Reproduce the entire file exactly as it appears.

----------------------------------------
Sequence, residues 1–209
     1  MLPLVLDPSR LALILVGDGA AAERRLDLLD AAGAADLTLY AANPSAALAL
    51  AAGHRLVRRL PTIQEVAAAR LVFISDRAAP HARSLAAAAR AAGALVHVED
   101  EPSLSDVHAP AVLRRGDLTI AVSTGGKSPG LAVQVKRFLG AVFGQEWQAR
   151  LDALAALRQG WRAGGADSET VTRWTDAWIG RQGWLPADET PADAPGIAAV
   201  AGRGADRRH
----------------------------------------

Sequence, residues 1–209
     1  MLPLVLDPSR LALILVGDGA AAERRLDLLD AAGAADLTLY AANPSAALAL
    51  AAGHRLVRRL PTIQEVAAAR LVFISDRAAP HARSLAAAAR AAGALVHVED
   101  EPSLSDVHAP AVLRRGDLTI AVSTGGKSPG LAVQVKRFLG AVFGQEWQAR
   151  LDALAALRQG WRAGGADSET VTRWTDAWIG RQGWLPADET PADAPGIAAV
   201  AGRGADRRH